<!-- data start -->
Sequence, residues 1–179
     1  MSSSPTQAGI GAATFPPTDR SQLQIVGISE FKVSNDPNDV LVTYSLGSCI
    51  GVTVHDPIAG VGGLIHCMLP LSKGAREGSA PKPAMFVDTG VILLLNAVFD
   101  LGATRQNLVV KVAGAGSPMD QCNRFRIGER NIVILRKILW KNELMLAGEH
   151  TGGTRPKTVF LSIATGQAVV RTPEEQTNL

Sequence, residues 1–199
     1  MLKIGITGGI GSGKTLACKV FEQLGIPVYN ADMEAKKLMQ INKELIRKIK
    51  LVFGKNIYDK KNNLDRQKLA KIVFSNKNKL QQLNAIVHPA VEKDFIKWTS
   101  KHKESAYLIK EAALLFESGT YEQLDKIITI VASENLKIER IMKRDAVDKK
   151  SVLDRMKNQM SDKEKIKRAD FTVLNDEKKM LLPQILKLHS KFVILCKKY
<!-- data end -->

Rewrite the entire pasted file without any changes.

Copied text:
Sequence, residues 1–179
     1  MSSSPTQAGI GAATFPPTDR SQLQIVGISE FKVSNDPNDV LVTYSLGSCI
    51  GVTVHDPIAG VGGLIHCMLP LSKGAREGSA PKPAMFVDTG VILLLNAVFD
   101  LGATRQNLVV KVAGAGSPMD QCNRFRIGER NIVILRKILW KNELMLAGEH
   151  TGGTRPKTVF LSIATGQAVV RTPEEQTNL

Sequence, residues 1–199
     1  MLKIGITGGI GSGKTLACKV FEQLGIPVYN ADMEAKKLMQ INKELIRKIK
    51  LVFGKNIYDK KNNLDRQKLA KIVFSNKNKL QQLNAIVHPA VEKDFIKWTS
   101  KHKESAYLIK EAALLFESGT YEQLDKIITI VASENLKIER IMKRDAVDKK
   151  SVLDRMKNQM SDKEKIKRAD FTVLNDEKKM LLPQILKLHS KFVILCKKY